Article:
Russia Could Give Greece Advance for Turkish Stream Gas Pipeline — Sources

Russian President Vladimir Putin (R) and Greek Prime Minister Alexis Tsipras (2nd R) attend a meeting at the Kremlin in Moscow, April 8, 2015. Tsipras won pledges of closer cooperation from Russia at talks in the Kremlin on Wednesday but Putin said Athens had not asked for money to ease its debt crisis.

Russia is considering soon giving Greece funds based on future profits it could earn from shipping Russian gas to Europe as part of a pipeline extension, two Greek government sources said Wednesday.

The extension to the Turkish Stream pipeline, which would take Russian gas from Turkey to Europe via Greece but has yet to be finalized, might also mean Athens would pay less for Russian gas. But Moscow has yet to decide on any discount, the sources said.

Greek Prime Minister Alexis Tsipras voiced interest in the project in talks with Russian President Vladimir Putin in Moscow on Wednesday.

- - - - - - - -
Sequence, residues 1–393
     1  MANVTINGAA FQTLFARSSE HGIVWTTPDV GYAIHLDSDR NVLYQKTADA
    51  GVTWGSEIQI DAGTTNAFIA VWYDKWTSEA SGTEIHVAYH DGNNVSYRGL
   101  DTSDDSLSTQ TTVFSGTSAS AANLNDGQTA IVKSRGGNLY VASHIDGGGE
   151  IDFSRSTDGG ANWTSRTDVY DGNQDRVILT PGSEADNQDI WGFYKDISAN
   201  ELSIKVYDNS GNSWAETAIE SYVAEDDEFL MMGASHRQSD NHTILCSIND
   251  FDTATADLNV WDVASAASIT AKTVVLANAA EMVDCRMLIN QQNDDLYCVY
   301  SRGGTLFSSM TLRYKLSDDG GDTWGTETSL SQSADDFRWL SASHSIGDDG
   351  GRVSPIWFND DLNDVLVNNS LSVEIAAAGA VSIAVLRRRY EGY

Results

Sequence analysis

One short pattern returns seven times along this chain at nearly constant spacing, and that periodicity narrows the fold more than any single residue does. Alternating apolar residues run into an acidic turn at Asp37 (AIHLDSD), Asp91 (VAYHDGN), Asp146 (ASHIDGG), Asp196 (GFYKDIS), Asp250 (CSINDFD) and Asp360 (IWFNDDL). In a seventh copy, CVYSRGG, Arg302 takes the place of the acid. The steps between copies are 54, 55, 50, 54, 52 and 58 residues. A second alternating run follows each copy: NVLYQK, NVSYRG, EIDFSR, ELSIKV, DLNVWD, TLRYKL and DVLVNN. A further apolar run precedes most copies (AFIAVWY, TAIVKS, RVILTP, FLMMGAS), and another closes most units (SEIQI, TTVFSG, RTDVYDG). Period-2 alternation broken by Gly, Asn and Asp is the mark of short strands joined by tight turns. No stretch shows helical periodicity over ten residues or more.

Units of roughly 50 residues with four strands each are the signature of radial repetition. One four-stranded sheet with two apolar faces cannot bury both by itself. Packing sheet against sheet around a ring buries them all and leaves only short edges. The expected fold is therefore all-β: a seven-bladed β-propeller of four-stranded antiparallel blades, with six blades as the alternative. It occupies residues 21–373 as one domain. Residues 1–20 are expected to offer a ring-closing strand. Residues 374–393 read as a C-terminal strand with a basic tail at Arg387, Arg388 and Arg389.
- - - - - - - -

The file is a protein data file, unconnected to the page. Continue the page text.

Tsipras' government, at loggerheads with its euro zone and International Monetary Fund creditors, risks running out of money within weeks unless it can reach a new cash-for-reform deal.

One of the Greek officials, both of whom spoke on condition of anonymity, said Greece would pay back the Russian prepayment after the pipeline started operating, without specifying a sum.

The other source estimated Greece could earn around 500 million euros ($540 million) a year in profits from participating in the Turkish Stream extension, adding that the prepayment sum was up to Russia.

Greece hopes its extension to Turkish Stream will start operating in 2019 and is seeking a discount of around 10 percent on Russian gas supplies, the source said.

Putin told a news conference with Tsipras that the two leaders had reached no concrete agreements on Greece's participation in Turkish Stream, which would depended on the government in Athens.

The first official said the pipeline project would involve private financing and would comply with European Union rules.

Tsipras' visit to Moscow caused unease among some EU partners that Greece could break ranks over economic sanctions on Russia to secure aid or use the trip to pressure its EU allies to release financing.

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